The Obama administration is moving ahead with the sale of nearly $11 billion worth of arms and training for the Iraqi military despite concerns that Prime Minister Nuri Kamal al-Maliki is seeking to consolidate authority, create a one-party Shiite-dominated state and abandon the American-backed power-sharing government.So not only might this aid be used to repress dissent in Iraq, but it very possibly will end up going to Iran!
The military aid, including advanced fighter jets and battle tanks, is meant to help the Iraqi government protect its borders and rebuild a military that before the 1991 Persian Gulf war was one of the largest in the world; it was disbanded in 2003 after the United States invasion.
But the sales of the weapons — some of which have already been delivered — are moving ahead even though Mr. Maliki has failed to carry out an agreement that would have limited his ability to marginalize the Sunnis and turn the military into a sectarian force. While the United States is eager to beef up Iraq’s military, at least in part as a hedge against Iranian influence, there are also fears that the move could backfire if the Baghdad government ultimately aligns more closely with the Shiite theocracy in Tehran than with Washington.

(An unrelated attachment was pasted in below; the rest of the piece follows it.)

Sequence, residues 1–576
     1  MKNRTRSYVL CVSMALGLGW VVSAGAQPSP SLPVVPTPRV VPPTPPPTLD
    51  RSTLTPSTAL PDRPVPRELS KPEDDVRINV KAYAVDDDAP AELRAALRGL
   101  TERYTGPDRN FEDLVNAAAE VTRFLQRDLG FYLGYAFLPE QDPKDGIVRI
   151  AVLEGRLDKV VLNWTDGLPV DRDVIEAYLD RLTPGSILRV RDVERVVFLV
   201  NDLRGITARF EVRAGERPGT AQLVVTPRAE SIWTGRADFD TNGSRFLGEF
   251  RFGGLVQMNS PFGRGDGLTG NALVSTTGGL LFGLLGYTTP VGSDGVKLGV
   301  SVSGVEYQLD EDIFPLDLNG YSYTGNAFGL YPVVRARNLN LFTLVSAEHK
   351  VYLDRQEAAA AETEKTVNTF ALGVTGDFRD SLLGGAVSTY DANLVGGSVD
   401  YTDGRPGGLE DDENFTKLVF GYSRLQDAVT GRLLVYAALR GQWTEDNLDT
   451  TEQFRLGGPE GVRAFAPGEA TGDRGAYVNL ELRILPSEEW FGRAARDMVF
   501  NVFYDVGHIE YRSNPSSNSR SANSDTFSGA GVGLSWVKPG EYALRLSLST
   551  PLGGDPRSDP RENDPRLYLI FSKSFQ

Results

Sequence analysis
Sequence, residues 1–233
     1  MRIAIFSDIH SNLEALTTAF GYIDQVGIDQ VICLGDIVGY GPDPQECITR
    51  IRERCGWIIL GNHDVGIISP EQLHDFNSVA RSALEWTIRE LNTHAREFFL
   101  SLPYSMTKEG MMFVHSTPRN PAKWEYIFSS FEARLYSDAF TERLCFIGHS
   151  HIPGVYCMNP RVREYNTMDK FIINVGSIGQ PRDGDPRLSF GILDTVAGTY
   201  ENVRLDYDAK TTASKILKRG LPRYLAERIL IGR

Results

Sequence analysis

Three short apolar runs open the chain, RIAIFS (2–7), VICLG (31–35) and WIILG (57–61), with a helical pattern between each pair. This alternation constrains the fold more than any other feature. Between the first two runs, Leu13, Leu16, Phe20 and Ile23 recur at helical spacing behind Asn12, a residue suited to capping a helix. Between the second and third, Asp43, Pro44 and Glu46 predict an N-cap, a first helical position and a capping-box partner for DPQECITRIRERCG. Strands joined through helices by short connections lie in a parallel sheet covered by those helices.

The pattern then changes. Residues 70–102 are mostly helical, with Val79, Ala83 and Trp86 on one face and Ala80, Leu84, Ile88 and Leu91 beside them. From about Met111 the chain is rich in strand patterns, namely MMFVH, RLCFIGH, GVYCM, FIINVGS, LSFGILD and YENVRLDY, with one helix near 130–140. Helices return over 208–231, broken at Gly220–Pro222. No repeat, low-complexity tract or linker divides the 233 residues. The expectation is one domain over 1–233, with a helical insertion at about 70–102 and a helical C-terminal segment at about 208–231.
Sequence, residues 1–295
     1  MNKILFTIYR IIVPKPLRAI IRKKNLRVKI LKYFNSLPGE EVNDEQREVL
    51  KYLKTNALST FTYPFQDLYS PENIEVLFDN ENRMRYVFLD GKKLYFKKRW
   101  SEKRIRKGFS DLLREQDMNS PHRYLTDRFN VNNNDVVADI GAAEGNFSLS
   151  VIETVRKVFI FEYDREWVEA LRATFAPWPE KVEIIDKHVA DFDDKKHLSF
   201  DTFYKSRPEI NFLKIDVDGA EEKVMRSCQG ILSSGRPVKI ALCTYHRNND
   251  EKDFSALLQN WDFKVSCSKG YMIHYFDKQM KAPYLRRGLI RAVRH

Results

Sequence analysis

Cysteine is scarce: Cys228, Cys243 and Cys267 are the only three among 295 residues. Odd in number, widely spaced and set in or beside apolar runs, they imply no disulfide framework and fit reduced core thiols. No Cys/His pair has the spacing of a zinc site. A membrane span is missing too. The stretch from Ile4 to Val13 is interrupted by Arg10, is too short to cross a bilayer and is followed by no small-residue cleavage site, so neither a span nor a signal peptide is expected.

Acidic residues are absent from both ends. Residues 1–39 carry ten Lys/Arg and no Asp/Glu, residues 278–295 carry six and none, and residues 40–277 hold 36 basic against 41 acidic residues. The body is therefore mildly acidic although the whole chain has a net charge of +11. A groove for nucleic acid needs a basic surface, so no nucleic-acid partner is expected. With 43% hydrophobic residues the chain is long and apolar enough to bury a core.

United States diplomats, including Ambassador James F. Jeffrey, have expressed concern about the military relationship with Iraq. Some have even said it could have political ramifications for the Obama administration if not properly managed. There is also growing concern that Mr. Maliki’s apparent efforts to marginalize the country’s Sunni minority could set off a civil war.
“The optics of this are terrible,” said Kenneth M. Pollack, an expert on national security issues at the Brookings Institution in Washington and a critic of the administration’s Iraq policy.
The program to arm the military is being led by the United States Embassy here, which through its Office of Security Cooperation serves as a broker between the Iraqi government and defense contractors like Lockheed Martin and Raytheon. Among the big-ticket items being sold to Iraq are F-16 fighter jets, M1A1 Abrams main battle tanks, cannons and armored personnel carriers. The Iraqis have also received body armor, helmets, ammunition trailers and sport utility vehicles, which critics say can be used by domestic security services to help Mr. Maliki consolidate power.
It is unclear if this is a sale (as the headline states) or aid (as the article mentions.) If it is aid, notice that $11 billion is about four times the amount Israel receives annually from the US. Yet the people who protest US aid to Israel invariably defend themselves saying that it is their tax dollars being spent.
If it is indeed aid, how many protests will they hold against this very problematic US military aid to Iraq?
(updated to relfect the ambiguity on aid/sales.)